Research Interests: Adult Mesenchymal and Endothelial Progenitor Stem Cells, Diabetes, and Obesity
My laboratory studies adult stem cell survival and differentiation, particularly in presence of high glucose. Adult mesenchymal stem cells (MSCs) are the building blocks of our body. These cells act to repair and regenerate old and dying cells in tissues in bone, muscle, and cartilage and adipose tissue. During the course of repair and regeneration, MSCs mature in ways that can maintain health or lead to clinical problems such as obesity and osteoporosis and even cardiovascular disease, all of which are more likely to occur in people with diabetes. MSCs exposed to particular cell milieus influence the cell's ability to differentiate into fat, bone, cartilage, or muscle. Our goal is to modify these cell environments (such as hyperglycemia and hyperlipidemia) so MSCs differentiate into bone, muscle, or other beneficial tissue rather than fat. As part of this research, we are learning how to harness the potent growth factors produced by endothelial progenitor stem cells (EPCs), another adult stem cell type, to help coax MSCs to grow, survive, and differentiate to maintain health and prevent diseases by secreting specific growth factors. We study human mesenchymal stem cells from bone marrow, adipose tissue, pancreatic islets, and other tissues and modify the environment to address complications of diabetes and obesity.
The other principal focus of our lab is translational. As a clinical endocrinologist, I am interested in how substances secreted from inflamed adipose tissue and endothelial cells in hyperglycemic prediabetic and diabetic patients influence cardiovascular health. This is particularly relevant because patients with diabetes and prediabetes are at high risk for heart disease and stroke. Given that both vascular endothelium and adipose tissue cells are endocrine organs, our mission is to identify the cross talk between these two systems and ultimately improve endothelial function. We are also interested in identifying novel vascular biomarkers, such as EPCs (CD34/KDR+ve cells), and utilizing them for regeneration and repair.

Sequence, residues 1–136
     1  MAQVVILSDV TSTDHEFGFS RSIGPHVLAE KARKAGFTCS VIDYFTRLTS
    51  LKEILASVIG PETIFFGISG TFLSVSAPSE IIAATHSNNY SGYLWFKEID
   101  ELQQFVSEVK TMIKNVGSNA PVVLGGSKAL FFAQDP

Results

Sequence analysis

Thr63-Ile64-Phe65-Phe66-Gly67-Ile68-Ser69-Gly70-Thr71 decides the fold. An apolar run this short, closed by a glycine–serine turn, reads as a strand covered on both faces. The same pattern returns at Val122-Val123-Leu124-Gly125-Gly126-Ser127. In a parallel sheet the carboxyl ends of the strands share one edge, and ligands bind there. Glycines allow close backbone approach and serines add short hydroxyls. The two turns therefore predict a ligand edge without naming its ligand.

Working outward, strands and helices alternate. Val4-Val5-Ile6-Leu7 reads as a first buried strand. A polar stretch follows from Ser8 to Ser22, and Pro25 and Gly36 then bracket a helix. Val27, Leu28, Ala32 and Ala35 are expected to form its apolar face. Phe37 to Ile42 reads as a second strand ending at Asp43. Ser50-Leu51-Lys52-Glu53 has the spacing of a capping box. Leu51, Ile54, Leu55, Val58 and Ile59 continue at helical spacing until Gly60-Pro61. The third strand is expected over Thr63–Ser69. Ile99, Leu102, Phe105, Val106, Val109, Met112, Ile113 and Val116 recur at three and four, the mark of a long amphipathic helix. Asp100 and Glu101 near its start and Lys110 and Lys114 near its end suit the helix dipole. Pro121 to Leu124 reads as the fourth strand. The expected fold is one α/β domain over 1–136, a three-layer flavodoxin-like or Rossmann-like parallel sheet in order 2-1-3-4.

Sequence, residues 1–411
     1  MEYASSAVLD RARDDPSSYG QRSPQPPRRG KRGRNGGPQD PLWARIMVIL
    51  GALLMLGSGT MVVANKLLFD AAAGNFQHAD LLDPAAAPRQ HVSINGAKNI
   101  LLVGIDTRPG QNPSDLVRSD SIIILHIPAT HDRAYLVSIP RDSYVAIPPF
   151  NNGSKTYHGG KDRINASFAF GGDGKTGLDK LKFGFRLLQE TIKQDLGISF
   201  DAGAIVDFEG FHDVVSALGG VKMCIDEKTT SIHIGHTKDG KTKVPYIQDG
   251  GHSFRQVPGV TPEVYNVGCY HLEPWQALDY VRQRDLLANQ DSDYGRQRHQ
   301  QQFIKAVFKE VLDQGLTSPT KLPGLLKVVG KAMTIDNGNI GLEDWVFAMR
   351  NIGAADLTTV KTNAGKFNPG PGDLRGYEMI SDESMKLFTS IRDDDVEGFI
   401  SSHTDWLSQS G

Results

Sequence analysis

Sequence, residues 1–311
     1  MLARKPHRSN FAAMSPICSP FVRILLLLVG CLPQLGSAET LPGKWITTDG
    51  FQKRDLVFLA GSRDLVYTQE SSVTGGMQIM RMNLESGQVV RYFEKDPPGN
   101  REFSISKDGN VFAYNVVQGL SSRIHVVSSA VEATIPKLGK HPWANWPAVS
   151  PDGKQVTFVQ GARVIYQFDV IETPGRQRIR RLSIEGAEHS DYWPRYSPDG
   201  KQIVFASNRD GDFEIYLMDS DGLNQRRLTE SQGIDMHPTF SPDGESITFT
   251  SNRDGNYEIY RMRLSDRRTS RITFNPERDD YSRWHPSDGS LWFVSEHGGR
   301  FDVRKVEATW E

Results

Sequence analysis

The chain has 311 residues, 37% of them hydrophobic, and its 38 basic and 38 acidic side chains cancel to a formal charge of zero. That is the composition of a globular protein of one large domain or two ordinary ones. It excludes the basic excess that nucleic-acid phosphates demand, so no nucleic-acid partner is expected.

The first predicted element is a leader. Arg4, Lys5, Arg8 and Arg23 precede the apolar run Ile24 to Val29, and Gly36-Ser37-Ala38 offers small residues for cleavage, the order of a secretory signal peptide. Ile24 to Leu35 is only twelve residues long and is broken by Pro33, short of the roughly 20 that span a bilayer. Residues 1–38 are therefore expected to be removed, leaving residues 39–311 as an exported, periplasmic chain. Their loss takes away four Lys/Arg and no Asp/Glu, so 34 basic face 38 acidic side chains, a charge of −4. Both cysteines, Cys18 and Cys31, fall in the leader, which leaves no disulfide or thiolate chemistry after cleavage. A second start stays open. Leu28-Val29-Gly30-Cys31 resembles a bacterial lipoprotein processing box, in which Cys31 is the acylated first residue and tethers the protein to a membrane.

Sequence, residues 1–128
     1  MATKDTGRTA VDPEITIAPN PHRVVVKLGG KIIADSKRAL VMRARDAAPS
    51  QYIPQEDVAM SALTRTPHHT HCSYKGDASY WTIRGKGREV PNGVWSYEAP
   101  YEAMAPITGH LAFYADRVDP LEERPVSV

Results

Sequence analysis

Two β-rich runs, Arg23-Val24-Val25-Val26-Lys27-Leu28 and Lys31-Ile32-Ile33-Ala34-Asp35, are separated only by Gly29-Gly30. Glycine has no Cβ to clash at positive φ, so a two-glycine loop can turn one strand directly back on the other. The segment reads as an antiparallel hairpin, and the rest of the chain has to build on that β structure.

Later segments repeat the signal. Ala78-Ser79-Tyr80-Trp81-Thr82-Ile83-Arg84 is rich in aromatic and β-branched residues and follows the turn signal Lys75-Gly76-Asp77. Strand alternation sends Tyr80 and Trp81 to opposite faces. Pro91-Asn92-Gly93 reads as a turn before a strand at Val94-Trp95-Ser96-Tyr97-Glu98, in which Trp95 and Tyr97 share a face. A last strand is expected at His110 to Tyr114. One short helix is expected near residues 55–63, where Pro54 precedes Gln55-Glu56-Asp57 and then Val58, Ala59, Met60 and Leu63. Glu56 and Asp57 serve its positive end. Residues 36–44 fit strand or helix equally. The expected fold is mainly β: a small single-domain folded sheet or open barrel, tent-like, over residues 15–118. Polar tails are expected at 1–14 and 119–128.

Center for Endocrine and Metabolic Research
Center of Excellence in Apoptosis Research
Sen S, Yoon YS, Rasko JE, Aikawa R, et al. Autologous transplantation of endothelial progenitor cells genetically modified by AAV viral vector delivering IGF-1 gene following myocardial infarction. Hum Gene Ther. 2010;21(10):1327-1334.
Dobrucki L, Tsutsumi Y, Sen S, Aikawa R, et al. Analysis of angiogenesis induced by local IGF-1 gene delivery after myocardial infarction: Application and Validation of integrin targeted imaging by SPECT-CT: J Mol Cell Cardiol. 2010;48(6):1071-1079.
Sen S, Conroy S, Hynes S, Katusic Z, O'Brien T, et al. Gene delivery to the vasculature mediated by low-titre adeno-associated virus serotypes 1 and 5. J Gene Med. 2008;10(2):143-151.
Sen S, Strappe P, O'Brien T. Gene transfer in endothelial dysfunction and hypertension. Methods Mol Med. 2005;108:299-314.
Sumner A, Sen S, Kushner H, et al. Determining the waist circumference in African Americans which best predicts insulin resistance. Obesity. 2008;16(4):841-845.
Sen S, Davani B, Gershengorn MC, et al. Medium conditioned by human endothelial progenitor cells (hEPCs) increases survival and insulin expression during differentiation of human islet-derived precursor cells (hIPCs). Diabetes. 2009;58(1):A622.
Young Investigator Award, American Heart Association 2005
Winner of Outstanding Abstract Award at 2010 ENDO Society Annual Session